Paris in summer was anything but sweet for this Alverno prof, who witnessed police crackdowns on migrants and wants the world to know about it.

As a historian of France, I frequently spend time in Paris doing archival research. But the summer of 2016 was different; having seen the heartrending images from the previous fall of the so-called “migrant crisis,” I planned to work with forced migrants living in makeshift camps there, distributing food and clothing, teaching English and French classes, helping translate official documents, perhaps constructing and repairing rudimentary shelters. Such work would allow me to better understand the dynamics of migrant life and the routine of relief work, to see what the needs were and how nonprofits, government agencies and others try to meet them. I could then incorporate those experiences into my Alverno College classes on refugees and migration.

Two days after my arrival in Paris, however, I turned on the radio at breakfast to hear that hundreds of the notorious CRS riot police were clearing the largest camp beneath elevated tracks at the Jaurès metro station, loading some 2,000 migrants onto buses and throwing away their tents, sleeping bags and other possessions. I headed to the camp, furiously texting my contacts. “I can’t get through the police cordon. What now?” I texted, unable to help the migrants I could now see huddled under the tracks a short distance away. “Just take pictures and videos,” came the answer back. “Watch the CRS to make sure they don’t get rough.” I found a good vantage point to watch the police turning people away and preventing migrants from leaving. There had been a couple of incidents earlier in the day, but for the most part, the operation went smoothly; the migrants knew they could do nothing, and promises of accommodation kept them compliant. Occasionally a bus or two full of migrants would depart for impromptu hostels on the outskirts of Paris, followed by a garbage truck full of their possessions, headed to the incinerator. More than one Parisian bystander drew parallels to French police’s wartime collaboration with the Nazis in rounding up Jews.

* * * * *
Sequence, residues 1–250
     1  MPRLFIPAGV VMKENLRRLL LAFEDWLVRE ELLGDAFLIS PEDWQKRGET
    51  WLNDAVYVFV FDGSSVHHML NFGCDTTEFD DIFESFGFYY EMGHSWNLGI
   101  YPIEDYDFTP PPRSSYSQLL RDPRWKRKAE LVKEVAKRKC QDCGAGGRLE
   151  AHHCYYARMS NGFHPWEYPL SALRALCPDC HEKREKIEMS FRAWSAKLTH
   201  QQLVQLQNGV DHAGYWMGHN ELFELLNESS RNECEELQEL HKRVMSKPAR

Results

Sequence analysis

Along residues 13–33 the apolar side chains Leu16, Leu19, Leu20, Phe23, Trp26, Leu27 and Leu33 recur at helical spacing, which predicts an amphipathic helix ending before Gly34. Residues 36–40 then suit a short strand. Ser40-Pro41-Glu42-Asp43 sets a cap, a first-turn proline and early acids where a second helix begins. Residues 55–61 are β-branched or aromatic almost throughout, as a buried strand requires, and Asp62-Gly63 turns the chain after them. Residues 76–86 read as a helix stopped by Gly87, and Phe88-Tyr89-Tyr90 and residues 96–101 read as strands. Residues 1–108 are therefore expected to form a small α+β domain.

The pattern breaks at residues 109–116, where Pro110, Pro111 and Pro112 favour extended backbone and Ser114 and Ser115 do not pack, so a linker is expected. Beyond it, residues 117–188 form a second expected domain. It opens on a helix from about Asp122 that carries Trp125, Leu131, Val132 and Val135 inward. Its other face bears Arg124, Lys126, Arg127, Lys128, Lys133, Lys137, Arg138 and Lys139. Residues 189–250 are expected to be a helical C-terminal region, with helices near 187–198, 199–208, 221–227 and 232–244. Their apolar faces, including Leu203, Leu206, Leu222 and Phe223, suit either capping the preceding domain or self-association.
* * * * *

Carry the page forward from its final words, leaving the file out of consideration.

Over the next few days, the camp was gradually re-established, by those who had returned to continue pursuing their asylum applications at the nearby asylum office and to find friends they had been separated from, as well as by perhaps a hundred new arrivals daily. I spent my days helping as I could – advising asylum-seekers on filing forms, assisting a group of doctors and nurses who offered medical help on their days off, and distributing food, blankets and clothing. One group of volunteers I worked with focused on “unaccompanied minors” – people (overwhelmingly boys) under 18 who were traveling without adult family members, who receive priority treatment through special centers. I accompanied three such kids, aged 16 and 17, from Ethiopia and Eritrea, to a nearby center. On the crowded metro ride there, I showed them how to fold down the one available flip-up seat. One of them politely insisted, in faltering English, that I take it “because you’re old.” I protested that, although I was not young like them, neither was I old. We chuckled, and they told me a little about their dangerous journey together across the Mediterranean, through Italy and up through France. I left them with the center staff, thinking of my own son, at that moment safe with his grandparents in England.

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But the failings of the system were clear the next day, when I saw the two Ethiopian boys back at the Jaurès camp. When I drew this to the attention of the volunteers who had asked me to take the boys in the day before, they explained that it is often difficult for kids to prove their minor status, and the cheap hotels the service uses for housing are often filthy, bug-infested and sometimes staffed by racist or violent individuals. On my last day in Paris, we were called to the center to document an assault on one of the children by a member of the center’s own security staff. It was no surprise that even some kids who could prove their status refused to leave their over-18 friends on the sidewalks.